Parents’ anxieties, such as if a thief breaks in or an earthquake occurs, also appear as situations that reinforce the children’s sleeping behavior in the parent’s room. Nightmares are common in preschool and school age children. Unsupervised television programs can be said to be one of the main factors in the emergence of this type of behavior, but scary dreams can also come from the child’s own dream world. When faced with such a situation, we usually choose to reject the event or figure that we assume to have seen in the dream. However, your effort to reject this will never calm the child. Telling him you understand his fear will make him more willing to face his fear. In addition, having him tell about his dream, if he has difficulty in explaining, having his picture made will enable him to face his fear. After this stage, you can explain that the scary theme told to you verbally or by drawing is not actually real. Tips on how to deal with his fear will also be listened to more carefully. It will also help not to overestimate the child’s fear behavior, not to give exaggerated messages with your body language, not to panic and to approach the child calmly, to hug and calm him down, to put him back in bed and to sit next to him for as long as necessary. Since children who have nightmares do not go into a fully awake state when they react with fear, stroking their hair, holding their hand, talking to them in a soft voice will make it easier for them to fall asleep again. It may be necessary to seek specialist help when problems such as nightmares, night terrors, bedwetting or teeth grinding are long-lasting and prevent the child from sleeping at night.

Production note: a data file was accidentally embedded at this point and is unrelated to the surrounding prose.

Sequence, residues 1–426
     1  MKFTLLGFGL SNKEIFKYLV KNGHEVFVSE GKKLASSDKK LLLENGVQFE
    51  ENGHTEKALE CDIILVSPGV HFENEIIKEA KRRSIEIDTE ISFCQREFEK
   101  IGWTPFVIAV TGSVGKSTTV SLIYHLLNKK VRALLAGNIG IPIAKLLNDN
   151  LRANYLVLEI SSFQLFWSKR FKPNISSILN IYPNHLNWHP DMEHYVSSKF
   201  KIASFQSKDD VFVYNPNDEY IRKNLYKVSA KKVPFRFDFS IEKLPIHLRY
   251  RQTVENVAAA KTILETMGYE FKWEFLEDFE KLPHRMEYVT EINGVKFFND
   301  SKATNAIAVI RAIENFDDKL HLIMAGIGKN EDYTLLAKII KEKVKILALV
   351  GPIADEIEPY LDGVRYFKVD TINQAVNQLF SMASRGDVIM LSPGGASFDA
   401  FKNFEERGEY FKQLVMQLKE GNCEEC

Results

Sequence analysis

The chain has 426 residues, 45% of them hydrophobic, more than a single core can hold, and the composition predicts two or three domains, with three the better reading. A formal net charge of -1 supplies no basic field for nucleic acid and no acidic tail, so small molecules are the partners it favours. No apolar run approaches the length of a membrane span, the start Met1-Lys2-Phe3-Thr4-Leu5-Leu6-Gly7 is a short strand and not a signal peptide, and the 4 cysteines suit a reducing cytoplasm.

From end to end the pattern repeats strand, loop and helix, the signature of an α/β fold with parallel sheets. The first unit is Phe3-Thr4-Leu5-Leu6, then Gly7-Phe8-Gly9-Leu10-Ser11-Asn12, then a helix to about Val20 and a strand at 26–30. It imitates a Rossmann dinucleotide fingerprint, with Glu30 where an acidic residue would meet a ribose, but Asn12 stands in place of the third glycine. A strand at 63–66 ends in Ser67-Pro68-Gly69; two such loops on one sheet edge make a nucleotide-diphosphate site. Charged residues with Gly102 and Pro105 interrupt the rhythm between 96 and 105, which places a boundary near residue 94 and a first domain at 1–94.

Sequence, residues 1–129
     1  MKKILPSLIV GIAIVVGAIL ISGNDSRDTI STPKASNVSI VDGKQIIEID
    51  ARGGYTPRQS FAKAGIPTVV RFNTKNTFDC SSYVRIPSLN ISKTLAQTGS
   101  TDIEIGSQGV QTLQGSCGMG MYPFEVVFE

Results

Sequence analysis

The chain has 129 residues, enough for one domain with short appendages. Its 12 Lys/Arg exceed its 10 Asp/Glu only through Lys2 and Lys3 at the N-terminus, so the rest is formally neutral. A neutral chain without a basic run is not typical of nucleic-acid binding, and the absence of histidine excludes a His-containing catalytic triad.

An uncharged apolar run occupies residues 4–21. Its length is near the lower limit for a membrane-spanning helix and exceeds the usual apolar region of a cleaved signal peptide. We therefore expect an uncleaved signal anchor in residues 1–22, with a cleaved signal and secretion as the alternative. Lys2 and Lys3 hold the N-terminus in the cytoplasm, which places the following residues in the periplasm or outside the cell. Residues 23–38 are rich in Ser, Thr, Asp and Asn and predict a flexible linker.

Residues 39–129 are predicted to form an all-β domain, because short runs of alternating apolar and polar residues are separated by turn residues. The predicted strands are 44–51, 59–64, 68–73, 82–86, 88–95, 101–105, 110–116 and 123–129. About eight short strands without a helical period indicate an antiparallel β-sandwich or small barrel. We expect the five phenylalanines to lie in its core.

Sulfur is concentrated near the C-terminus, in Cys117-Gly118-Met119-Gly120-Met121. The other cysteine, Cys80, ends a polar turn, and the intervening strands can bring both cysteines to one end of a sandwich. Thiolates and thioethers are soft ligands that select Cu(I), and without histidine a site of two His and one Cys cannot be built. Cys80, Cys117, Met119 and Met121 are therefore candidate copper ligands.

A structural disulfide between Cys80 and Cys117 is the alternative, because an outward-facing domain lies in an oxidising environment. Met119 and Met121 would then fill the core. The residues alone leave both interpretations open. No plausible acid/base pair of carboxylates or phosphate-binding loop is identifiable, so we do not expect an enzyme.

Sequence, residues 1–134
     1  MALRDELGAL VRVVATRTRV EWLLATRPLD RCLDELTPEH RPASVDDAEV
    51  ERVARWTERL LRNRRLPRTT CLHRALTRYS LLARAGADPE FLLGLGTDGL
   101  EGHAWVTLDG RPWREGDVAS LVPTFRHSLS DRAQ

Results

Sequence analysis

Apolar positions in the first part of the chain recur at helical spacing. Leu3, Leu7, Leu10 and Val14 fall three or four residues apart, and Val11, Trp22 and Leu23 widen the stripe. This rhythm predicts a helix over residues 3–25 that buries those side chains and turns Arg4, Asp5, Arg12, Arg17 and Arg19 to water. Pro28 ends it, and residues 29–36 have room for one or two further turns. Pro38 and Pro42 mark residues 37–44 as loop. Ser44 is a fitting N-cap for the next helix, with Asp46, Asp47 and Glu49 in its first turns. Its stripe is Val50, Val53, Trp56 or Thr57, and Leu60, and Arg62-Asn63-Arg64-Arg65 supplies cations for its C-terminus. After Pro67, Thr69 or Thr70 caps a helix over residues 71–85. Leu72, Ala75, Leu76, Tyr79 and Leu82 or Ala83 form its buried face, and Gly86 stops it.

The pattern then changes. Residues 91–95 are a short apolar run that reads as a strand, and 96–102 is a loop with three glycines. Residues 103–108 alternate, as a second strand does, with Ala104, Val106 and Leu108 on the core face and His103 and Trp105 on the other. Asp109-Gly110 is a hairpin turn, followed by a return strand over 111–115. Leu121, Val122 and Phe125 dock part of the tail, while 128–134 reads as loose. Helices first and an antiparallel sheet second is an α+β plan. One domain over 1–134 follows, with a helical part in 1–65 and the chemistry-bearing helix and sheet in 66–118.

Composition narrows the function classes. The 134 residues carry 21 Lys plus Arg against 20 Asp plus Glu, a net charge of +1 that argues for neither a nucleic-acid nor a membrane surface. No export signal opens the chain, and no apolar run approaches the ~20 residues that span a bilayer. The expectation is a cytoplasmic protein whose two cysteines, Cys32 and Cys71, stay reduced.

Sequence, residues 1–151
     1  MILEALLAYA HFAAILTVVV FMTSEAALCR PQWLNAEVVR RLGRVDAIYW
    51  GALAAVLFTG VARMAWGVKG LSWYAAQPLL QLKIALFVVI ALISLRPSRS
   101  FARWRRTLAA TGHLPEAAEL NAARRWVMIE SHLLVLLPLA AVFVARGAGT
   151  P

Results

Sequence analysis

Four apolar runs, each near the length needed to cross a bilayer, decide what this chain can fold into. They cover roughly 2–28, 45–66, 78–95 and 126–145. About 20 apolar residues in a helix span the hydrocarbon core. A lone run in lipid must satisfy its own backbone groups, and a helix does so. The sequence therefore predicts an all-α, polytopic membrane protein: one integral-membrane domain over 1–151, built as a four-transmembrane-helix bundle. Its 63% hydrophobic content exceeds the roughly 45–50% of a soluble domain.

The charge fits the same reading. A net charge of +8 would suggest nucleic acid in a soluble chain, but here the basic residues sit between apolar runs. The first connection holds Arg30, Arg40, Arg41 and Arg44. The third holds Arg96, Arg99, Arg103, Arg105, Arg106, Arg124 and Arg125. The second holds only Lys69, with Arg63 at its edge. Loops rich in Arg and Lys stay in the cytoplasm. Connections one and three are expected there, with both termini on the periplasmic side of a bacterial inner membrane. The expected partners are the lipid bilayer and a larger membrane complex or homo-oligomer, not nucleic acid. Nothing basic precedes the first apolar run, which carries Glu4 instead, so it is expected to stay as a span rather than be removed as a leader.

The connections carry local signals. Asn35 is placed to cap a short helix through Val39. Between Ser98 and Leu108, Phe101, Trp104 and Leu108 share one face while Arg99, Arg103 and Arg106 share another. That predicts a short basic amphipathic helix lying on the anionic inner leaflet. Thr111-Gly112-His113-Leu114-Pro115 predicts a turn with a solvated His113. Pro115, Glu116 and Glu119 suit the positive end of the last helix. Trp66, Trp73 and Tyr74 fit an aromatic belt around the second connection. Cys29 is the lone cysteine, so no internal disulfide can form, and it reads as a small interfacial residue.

According to Ainsworth’s attachment theory, insecurely attached children are more anxious; therefore, they experience much more difficulty when separated from their primary caregiver. This causes children to refuse to sleep or to show oppositional behaviors when it is time to sleep.
What to do?
It is known that many behavioral methods are effective on children in sleep disorders. However, in the implementation of these methods, experts, parents and other people in the child’s close environment should work together and in harmony. The first thing that parents should pay attention to is not to react to reinforce the behavior when the undesirable behavior occurs. Parents or others in the child’s immediate environment should ignore the child’s angry movements when it is time to go to bed or when they wake up at night.
If the child comes to the room where they sleep, he should not be as interested as possible, keep the interaction with the child short, make little eye contact and be told to go to his room in a sweet but determined way. If the child’s behavior is shaped at the desired level, conditioning can be achieved with various rewards. A child who has trouble sleeping in his own room will be more willing to continue the behavior if he receives small rewards for performing this behavior.